Also important are regular exercise (which aids in all body functions including digestion), quitting tobacco products, and getting regular preventative medical check-ups, including for dementia screening (dementia greatly impacts eating and nutrition), and depression. Other issues can occur with elderly nutritition food safety as well, and we discuss more solutions on that page.

An interesting consideration which I personally have used for years, — Goat milk products have special properties that can help provide proper nutrition for the elderly. You can read more about this topic at a web site called Everything Goat Milk; see Elderly Nutrition and Goat Milk.

The Centers for Disease Control state that although there is, of course, a higher possibility of poor health as we age, it is not an inevitable consequence!

Follow our link below and learn more about elderly nutrition and what you can do.

Easy Healthy Recipes — Our “recipe central,” with lots of great recipes and links within our site to take you to more healthy recipes you might like to find out more about.
Healthy Snack Recipes — Especially important for those with elderly nutrition problems. Learn lots of easy and nutritious recipes.
Delicious Healthy Dessert Recipes — Something for almost everyone, including those with sugar, carb, and fat restrictions. Learn new recipes and ideas for sweetening the healthy way.

Our Share Your Recipe Forums — Where our readers have shared their own recipes right on our web site. You can too. Our readers would love to hear from you!!
Share Your Healthy Desserts
More Healthy Snack Recipes – From You

to Elderly Nutrition

These timeless life lessons quotes by Regina Brett (first published in 2006 in The Plain Dealer) are so concise and so right-on with ways for how to get happy, that I just had to share them on my web site. Read each carefully, and you will see how each can increase your happiness quotient. And they are easy to do!

  1. Life isn’t fair, but it’s still good.
  2. When in doubt, just take the next small step.
  3. Life is too short to waste time hating anyone.
  4. Don’t take yourself so seriously. No one else does.
  5. Pay off your credit cards every month.
  6. You don’t have to win every argument. Agree to disagree.
  7. Cry with someone. It’s more healing than crying alone.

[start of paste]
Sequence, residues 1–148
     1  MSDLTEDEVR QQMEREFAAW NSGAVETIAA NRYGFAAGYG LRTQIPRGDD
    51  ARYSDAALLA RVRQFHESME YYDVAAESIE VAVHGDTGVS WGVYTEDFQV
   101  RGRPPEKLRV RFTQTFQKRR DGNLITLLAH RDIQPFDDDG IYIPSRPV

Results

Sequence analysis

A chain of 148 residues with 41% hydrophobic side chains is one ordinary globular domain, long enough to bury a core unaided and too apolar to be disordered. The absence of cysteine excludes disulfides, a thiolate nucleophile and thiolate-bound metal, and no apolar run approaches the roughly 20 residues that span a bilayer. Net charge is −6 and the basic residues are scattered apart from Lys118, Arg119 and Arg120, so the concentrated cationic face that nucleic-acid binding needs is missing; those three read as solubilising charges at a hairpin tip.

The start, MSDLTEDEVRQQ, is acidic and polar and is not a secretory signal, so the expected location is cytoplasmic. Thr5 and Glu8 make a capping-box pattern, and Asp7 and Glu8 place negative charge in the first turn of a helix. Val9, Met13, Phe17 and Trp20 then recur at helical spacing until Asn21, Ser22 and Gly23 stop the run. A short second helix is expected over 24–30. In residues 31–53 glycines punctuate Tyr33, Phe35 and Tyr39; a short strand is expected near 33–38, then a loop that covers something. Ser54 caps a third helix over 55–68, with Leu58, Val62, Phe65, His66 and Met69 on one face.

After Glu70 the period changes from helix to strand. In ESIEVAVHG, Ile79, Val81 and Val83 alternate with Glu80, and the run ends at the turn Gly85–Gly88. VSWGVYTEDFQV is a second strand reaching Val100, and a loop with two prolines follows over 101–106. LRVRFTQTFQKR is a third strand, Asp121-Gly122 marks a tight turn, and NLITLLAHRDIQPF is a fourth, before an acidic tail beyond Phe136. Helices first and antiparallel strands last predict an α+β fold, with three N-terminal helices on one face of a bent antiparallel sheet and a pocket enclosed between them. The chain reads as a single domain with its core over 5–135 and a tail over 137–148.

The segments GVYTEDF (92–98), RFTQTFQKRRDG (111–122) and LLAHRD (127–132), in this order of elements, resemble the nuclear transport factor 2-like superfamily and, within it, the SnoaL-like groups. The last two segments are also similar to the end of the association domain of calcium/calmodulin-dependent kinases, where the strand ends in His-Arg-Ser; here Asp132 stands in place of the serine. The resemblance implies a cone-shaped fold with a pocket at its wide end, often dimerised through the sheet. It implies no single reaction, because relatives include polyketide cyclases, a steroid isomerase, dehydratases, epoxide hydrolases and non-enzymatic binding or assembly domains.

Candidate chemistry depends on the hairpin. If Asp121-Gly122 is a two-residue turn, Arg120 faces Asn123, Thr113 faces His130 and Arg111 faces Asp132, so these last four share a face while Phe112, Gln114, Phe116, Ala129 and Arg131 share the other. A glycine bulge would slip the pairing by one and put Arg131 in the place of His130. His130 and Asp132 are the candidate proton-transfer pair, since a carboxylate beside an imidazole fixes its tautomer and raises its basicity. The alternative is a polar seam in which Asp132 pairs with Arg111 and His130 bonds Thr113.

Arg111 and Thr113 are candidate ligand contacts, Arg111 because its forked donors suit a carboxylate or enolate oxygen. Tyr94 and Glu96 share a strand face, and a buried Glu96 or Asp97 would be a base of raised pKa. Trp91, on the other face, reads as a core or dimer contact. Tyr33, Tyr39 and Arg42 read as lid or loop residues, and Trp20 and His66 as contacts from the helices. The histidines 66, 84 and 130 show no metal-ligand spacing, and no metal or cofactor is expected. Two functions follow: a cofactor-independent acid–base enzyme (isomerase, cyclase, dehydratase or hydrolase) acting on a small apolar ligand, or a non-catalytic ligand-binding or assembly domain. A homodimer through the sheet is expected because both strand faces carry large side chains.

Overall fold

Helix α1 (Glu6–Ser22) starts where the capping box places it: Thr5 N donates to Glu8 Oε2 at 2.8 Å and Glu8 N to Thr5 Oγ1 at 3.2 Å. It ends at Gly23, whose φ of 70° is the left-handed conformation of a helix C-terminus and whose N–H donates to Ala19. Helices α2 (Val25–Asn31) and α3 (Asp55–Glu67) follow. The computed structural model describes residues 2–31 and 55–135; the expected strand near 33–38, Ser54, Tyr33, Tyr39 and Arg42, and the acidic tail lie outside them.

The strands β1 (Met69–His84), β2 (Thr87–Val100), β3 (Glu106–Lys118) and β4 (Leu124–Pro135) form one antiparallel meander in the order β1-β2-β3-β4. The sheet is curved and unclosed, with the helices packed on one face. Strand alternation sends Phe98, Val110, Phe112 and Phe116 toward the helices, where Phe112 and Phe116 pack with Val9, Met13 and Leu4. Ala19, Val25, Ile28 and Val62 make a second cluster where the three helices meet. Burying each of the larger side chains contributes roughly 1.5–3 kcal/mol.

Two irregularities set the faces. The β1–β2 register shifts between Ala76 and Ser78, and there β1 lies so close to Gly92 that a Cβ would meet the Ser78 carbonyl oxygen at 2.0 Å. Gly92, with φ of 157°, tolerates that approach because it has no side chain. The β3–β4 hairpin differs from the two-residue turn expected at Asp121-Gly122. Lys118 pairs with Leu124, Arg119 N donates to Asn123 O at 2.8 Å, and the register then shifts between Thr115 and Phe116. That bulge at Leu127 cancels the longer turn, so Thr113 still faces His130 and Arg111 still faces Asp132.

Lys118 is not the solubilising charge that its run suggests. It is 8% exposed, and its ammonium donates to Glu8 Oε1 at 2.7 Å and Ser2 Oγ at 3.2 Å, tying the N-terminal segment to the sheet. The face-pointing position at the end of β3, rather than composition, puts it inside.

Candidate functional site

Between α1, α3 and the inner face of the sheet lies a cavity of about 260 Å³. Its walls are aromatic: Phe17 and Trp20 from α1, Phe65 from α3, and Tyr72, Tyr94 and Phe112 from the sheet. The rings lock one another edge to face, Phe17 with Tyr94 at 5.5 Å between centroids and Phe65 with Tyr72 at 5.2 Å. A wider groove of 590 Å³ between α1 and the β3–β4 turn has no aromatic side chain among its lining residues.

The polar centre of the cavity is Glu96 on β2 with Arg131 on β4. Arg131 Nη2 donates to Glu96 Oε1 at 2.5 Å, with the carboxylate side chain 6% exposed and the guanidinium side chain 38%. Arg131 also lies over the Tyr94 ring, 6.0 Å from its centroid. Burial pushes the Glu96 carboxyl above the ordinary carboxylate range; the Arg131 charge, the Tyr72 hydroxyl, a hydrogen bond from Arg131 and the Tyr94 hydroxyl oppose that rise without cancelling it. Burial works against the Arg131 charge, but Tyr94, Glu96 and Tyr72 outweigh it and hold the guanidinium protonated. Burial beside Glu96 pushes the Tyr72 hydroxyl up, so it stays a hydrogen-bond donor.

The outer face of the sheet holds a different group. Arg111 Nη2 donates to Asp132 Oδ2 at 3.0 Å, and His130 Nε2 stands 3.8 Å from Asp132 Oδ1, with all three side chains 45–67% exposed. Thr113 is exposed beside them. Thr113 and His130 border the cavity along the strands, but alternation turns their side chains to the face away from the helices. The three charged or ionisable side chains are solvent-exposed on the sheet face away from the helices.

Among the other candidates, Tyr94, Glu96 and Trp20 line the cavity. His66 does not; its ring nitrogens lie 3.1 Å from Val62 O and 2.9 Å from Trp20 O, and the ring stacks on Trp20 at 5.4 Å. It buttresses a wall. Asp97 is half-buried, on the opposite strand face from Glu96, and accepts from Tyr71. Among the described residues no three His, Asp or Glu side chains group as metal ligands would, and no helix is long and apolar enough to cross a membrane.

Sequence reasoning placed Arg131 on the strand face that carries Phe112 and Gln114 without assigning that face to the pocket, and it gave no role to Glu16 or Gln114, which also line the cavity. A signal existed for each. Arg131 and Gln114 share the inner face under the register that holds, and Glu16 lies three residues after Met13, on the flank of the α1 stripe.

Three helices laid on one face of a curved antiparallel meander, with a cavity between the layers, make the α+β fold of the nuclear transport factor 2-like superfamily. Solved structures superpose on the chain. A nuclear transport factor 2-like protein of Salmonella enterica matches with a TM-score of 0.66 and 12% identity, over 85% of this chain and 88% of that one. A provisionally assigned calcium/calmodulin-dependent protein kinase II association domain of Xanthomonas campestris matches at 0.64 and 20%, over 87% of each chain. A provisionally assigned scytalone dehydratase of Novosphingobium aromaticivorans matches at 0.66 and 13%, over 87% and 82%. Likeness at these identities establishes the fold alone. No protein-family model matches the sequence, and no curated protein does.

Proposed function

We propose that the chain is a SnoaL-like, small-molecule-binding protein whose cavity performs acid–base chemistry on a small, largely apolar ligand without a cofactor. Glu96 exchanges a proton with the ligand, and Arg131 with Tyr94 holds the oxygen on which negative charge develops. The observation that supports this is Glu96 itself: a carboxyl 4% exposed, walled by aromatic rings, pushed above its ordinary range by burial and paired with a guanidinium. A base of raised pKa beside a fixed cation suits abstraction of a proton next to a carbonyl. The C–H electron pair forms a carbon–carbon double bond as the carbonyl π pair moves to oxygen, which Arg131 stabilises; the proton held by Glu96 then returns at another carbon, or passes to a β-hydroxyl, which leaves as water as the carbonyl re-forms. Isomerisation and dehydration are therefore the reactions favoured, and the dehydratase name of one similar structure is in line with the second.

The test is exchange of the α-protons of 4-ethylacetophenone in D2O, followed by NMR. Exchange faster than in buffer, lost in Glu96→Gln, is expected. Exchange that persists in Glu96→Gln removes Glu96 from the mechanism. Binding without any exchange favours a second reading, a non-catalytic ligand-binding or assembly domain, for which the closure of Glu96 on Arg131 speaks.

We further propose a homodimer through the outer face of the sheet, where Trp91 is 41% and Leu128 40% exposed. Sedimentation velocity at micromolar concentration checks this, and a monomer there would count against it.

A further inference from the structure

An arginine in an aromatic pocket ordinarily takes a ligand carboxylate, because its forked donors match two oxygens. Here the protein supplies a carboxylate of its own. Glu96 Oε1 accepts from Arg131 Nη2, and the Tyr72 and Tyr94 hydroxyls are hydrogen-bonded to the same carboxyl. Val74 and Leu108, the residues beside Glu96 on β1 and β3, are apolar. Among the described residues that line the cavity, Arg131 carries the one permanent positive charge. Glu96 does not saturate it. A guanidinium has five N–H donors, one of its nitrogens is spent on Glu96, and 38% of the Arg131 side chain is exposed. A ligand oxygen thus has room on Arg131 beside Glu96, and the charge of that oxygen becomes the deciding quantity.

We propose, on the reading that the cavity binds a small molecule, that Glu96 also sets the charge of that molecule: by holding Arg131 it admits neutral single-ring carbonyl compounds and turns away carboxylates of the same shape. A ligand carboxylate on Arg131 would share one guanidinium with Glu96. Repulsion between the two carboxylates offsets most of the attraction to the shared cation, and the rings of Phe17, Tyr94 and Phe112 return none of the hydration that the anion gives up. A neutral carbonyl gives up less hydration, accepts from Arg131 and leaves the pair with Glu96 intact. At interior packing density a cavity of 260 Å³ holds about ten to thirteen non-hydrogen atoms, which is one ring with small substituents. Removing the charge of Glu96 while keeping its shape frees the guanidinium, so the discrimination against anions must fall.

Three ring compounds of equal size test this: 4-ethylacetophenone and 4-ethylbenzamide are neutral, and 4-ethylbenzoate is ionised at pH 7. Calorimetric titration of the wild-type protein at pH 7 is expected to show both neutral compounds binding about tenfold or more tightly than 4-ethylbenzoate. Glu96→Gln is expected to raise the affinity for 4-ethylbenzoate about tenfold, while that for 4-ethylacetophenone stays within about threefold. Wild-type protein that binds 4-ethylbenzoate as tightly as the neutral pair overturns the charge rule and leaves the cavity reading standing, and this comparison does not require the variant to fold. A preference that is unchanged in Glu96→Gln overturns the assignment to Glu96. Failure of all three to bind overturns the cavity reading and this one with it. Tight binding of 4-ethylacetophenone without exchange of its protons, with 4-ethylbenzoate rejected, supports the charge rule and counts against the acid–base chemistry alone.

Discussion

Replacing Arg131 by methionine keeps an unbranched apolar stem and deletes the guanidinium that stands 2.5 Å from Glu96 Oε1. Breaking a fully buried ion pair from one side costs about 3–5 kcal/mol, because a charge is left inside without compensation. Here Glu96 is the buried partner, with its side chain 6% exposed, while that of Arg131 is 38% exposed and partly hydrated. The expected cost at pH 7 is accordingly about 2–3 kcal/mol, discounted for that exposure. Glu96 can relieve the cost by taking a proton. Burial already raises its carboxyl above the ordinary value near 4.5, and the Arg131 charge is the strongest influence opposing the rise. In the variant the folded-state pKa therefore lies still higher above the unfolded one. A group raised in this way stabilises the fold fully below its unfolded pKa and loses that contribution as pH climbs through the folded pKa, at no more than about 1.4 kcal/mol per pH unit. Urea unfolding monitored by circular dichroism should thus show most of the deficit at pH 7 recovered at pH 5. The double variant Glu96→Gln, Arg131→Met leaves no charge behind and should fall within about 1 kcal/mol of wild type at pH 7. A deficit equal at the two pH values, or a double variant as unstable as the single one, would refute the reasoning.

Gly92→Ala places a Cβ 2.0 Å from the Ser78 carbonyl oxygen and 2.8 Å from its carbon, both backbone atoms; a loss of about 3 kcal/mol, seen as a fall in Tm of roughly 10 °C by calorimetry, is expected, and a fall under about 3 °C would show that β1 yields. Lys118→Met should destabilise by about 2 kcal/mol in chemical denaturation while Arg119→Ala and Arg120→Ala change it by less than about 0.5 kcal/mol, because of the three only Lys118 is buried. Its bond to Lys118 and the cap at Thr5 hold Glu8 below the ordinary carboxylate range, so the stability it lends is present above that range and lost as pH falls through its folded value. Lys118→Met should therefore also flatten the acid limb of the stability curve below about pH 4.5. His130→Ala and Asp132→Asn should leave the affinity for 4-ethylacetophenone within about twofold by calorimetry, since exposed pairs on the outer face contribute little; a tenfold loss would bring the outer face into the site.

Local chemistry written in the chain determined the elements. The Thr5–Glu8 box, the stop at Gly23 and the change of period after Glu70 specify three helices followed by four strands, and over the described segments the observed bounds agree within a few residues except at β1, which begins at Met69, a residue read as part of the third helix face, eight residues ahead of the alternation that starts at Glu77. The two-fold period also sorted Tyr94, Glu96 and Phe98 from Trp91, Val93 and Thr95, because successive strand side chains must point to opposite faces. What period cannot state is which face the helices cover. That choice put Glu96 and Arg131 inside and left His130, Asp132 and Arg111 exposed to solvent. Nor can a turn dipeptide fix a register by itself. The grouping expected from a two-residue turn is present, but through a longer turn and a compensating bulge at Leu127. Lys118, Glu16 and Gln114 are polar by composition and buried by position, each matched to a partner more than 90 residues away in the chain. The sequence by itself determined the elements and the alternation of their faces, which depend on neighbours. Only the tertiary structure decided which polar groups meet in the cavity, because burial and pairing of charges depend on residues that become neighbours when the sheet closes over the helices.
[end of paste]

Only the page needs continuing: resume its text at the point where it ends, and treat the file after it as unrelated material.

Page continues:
8. It’s OK to get angry with God — He can take it.
  9. Save for retirement starting with your first pay check.
  10. When it comes to chocolate, resistance is futile.
  11. Make peace with your past so it won’t screw up the present.
  12. It’s OK to let your children see you cry.
  13. Don’t compare your life to others. You have no idea what their journey is all about.
  14. If a relationship has to be secret, you shouldn’t be in it.
  15. Everything can change in the blink of an eye. But don’t worry — God never blinks.
  16. Life is too short for pity parties. Get busy living — or get busy dying.
  17. You can get through anything if you stay put in today.
  18. A writer writes. If you want to be a writer, write.
  19. It’s never too late to have a happy childhood — but the second one is up to you and no one else.
  20. When it comes to going after what you love in life, don’t take “no” for an answer.
  21. Burn the candles, use the nice sheets, wear the fancy lingerie — don’t save it for a special occasion. TODAY is special!
  22. Over-prepare — then “go with the flow.”
  23. Be eccentric now. Don’t wait for old age to wear purple.
  24. The most important sex organ is the brain.
  25. No one is in charge of your happiness except you.
  26. Frame every so-called disaster with these words: “In five years, will this matter?”
  27. Always choose life.
  28. Forgive everyone everything.
  29. What other people think of you is none of your business.
  30. Time heals almost everything — give time — time.
  31. However good or bad a situation is, it will change.
  32. Your job won’t take care of you when you are sick. Your friends will. Stay in touch.
  33. Believe in miracles.
  34. God loves you because of who God is — not because of anything you did or didn’t do.
  35. Whatever doesn’t kill you really does make you stronger.
  36. Growing old beats the alternative — dying young.
  37. Your children get only one childhood — make it memorable.
  38. Read the Psalms. They cover every human emotion.
  39. Get outside every day. Miracles are waiting everywhere.
  40. If we all threw our problems in a pile and saw everyone else’s, we’d grab ours back.
  41. Don’t audit life. Show up and make the most of it now.
  42. Get rid of anything that isn’t useful, beautiful, or joyful.
  43. All that truly matters in the end is that you loved.
  44. Envy is a waste of time. You already have all you need.
  45. The best is yet to come.
  46. No matter how you feel, get up, dress up, and show up.
  47. Take a deep breath. It calms the mind.
  48. If you don’t ask, you don’t get.
  49. Yield.
  50. Life isn’t tied with a bow — but it’s still a gift.

Many other life lessons are personal to anyone who makes it to a ripe old age (and after all, what is that?). One of my Dad’s often-quoted life lessons is to wake up each morning satisfied and cheerful. And he is, despite being almost deaf and blind. He’s a real insiration. One of my own favorite life lessons, as the song goes, is … “If you get a choice to sit it out or dance…I hope you dance!”

Elderly nutrition is of utmost importance as we age in order to maintain our health and quality of life. I sure learned that when caring for Dad. But following a nutritious diet is not always easy. (I also learned that!)